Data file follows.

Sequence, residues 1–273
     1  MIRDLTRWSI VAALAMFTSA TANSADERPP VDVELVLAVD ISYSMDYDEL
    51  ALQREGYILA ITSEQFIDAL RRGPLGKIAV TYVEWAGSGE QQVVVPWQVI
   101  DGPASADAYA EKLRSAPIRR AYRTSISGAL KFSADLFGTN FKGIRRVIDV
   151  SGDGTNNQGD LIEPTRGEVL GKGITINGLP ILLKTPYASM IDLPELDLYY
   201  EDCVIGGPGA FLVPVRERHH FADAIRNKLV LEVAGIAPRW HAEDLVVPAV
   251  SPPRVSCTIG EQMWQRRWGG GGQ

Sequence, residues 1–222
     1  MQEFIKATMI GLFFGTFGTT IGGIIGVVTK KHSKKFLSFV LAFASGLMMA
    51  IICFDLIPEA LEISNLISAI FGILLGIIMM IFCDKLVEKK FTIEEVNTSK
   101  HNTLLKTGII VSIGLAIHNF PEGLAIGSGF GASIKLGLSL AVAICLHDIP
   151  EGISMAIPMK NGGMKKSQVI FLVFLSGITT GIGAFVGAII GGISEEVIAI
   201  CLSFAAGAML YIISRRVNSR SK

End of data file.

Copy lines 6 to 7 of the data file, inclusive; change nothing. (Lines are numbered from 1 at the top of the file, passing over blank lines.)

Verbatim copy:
   201  EDCVIGGPGA FLVPVRERHH FADAIRNKLV LEVAGIAPRW HAEDLVVPAV
   251  SPPRVSCTIG EQMWQRRWGG GGQ